Is My Pelvic Pain Serious? How to Tell When It’s Time to See a Doctor

By July 27, 2019 Blog, Pelvic Pain
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Pelvic pain affects one in every seven women, making it one of the most common women’s health issues in the world. From constipation and PMS to vulvodynia and pelvic inflammatory disease, there are many gynecological issues that can cause pelvic pain. When pelvic pain flares up, it can be difficult to tell if the cause is a simple condition you can manage at home or if it’s something more serious that requires treatment.

At Pelvic Pain Doc, we’re here to help you get to the root of your pelvic pain, no matter the cause — but no one wants to spend more time at the doctor’s office than necessary. If you’re suffering from pelvic pain, here’s how to tell when it’s time to visit a pelvic pain specialist. And if you’re still in doubt, err on the side of caution and contact Dr. Sonia Bahlani to book a consultation.

The Difference Between Acute and Chronic Pelvic Pain

Pelvic pain refers to any pain in the lower abdomen and pelvic region, encompassing all the organs of your reproductive system and most of your digestive and urinary systems. There’s a lot happening in the pelvic area — in your stomach, bowel, bladder, uterus, ovaries and more — so the source of pelvic pain can often be tough to identify.

When diagnosing the cause of pelvic pain, the first step is understanding whether your pain is acute or chronic in nature. Acute pelvic pain is any pain that comes on suddenly but only occurs for a brief time. It may be dull, sharp, mild or intense, but it is only present for the short term. Conditions that cause acute pelvic pain may include:

  • Urinary tract infection
  • Ruptured ovarian cyst
  • Uterine fibroid
  • Ectopic pregnancy
  • Miscarriage
  • Pelvic inflammatory disease lasting less than six months

Chronic pelvic pain, on the other hand, refers to consistent or intermittent pain that lasts for more than six months. It may be present at all times or occur only during certain situations or under specific conditions, such as during urination or after intercourse. Chronic pelvic pain may be caused by:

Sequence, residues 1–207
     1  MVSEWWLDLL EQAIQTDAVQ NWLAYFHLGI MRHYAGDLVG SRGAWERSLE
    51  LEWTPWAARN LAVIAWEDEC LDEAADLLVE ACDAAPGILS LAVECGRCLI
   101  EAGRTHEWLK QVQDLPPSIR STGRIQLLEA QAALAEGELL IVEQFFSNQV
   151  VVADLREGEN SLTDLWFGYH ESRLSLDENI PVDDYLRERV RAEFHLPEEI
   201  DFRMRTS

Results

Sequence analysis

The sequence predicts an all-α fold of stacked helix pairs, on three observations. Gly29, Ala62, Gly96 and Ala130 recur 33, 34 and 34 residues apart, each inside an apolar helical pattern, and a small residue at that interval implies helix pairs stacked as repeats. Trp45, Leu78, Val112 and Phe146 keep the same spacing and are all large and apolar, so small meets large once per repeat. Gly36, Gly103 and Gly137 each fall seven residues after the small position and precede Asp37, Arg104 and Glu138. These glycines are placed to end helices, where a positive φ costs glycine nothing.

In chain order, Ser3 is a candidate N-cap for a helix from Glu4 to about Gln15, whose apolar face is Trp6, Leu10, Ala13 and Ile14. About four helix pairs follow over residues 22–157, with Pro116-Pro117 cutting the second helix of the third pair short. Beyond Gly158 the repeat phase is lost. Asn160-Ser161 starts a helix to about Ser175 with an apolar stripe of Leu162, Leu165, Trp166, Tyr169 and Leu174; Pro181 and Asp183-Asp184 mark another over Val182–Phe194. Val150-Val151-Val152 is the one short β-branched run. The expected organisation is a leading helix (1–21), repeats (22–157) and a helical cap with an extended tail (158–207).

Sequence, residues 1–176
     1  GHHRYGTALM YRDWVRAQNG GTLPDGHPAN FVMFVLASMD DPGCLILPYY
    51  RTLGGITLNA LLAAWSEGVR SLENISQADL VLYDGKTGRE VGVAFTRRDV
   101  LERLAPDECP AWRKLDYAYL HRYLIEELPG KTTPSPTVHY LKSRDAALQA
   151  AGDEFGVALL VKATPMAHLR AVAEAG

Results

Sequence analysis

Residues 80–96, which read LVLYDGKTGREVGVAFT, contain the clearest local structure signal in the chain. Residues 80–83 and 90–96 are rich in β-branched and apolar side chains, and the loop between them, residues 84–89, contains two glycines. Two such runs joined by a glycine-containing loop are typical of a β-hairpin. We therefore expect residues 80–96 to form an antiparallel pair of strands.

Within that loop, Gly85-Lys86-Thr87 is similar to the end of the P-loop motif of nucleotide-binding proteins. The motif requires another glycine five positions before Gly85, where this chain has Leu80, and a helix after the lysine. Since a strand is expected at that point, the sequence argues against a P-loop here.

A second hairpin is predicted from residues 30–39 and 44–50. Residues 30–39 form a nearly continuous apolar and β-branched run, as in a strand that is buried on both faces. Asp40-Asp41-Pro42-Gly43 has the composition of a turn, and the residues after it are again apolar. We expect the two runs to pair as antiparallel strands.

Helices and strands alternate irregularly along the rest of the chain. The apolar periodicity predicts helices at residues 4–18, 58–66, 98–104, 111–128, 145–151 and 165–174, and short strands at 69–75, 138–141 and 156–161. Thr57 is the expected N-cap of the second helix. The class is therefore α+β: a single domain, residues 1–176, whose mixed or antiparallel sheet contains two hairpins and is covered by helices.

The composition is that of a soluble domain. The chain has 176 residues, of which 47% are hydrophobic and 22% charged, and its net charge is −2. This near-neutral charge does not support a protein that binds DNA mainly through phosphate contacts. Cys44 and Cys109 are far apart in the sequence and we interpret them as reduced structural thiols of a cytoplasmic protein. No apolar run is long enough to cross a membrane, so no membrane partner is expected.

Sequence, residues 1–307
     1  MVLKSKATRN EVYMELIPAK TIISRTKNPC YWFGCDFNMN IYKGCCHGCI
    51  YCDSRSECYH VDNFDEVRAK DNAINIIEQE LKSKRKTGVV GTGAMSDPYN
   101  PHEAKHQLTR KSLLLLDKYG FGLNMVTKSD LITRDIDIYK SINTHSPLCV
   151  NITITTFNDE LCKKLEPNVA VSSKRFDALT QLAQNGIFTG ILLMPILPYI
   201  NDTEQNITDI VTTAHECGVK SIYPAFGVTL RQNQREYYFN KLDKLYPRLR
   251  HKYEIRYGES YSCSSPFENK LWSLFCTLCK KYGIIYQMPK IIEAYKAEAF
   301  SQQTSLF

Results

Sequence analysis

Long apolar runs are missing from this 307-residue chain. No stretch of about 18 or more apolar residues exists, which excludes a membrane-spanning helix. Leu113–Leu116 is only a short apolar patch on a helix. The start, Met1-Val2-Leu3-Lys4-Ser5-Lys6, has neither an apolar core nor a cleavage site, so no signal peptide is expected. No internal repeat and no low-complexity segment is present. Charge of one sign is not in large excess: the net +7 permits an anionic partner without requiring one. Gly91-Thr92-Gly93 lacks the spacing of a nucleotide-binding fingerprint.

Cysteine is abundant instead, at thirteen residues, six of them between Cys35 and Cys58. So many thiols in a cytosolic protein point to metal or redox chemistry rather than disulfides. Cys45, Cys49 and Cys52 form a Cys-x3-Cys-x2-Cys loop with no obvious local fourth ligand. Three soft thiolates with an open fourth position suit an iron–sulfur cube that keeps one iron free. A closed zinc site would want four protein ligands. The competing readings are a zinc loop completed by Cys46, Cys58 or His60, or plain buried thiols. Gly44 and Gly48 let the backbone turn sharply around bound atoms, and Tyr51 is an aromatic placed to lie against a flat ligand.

• Endometriosis
  • Vulvodynia/Vestibulodynia
  • Pelvic Floor Dysfunction
  • Interstitial Cystitis/Bladder Pain Syndrome
  • Vulvar Dermatoses
  • Pudendal Neuralgia

Should I See a Doctor for My Pelvic Pain?

While understanding whether your pelvic pain is acute or chronic will lead to a more accurate diagnosis, it’s not enough to tell you whether you need to see a pelvic pain specialist. Certain acute conditions require medical attention and professional treatment while others are easily managed at home. We recommend seeing a pelvic pain doctor for most chronic conditions. A pelvic pain specialist like Dr. Bahlani can help you develop coping strategies and find relief from ongoing pain.

Deciding whether you need to visit a pelvic pain specialist depends on your combination of symptoms, how long symptoms have been occurring and your previous medical history. For example, if you’ve had recurrent urinary tract infections for two months and have tested positive for infectious bacteria each time, you likely don’t need to see a pelvic pain doctor. However, you will need to visit a general practitioner to get a prescription for antibiotics and discuss preventative measures, like proper hygiene practices.

But if you’ve had recurrent urinary tract infections for more than six months without the presence of a bacterial infection, you may have a condition called interstitial cystitis. A pelvic pain doctor will be able to work with you to find a combination of therapies that works for you.

When Pelvic Pain is a Sign of a Medical Emergency

If you’re experiencing extreme pelvic pain, it’s important to understand that certain conditions, both acute and chronic, are extremely serious and can result in lasting damage or even death.

Ectopic pregnancy is a dangerous, life-threatening condition that occurs when a fertilized egg implants outside of the uterus, most often in one of the fallopian tubes. As the embryo develops, it can cause the tube to rupture which requires emergency surgery. Pelvic inflammatory disease can lead to the development of tubo-ovarian abscess, an infectious mass which can cause sepsis if ruptured. Endometriosis, if left untreated, can cause infertility.

We don’t mean to scare you so if you’re experiencing any kind of pelvic pain, don’t expect the worst. Our point is: it’s important to seek care either way.

Pelvic pain doesn’t have to get in the way of your life — book a consultation today and start your journey back to a pain-free you.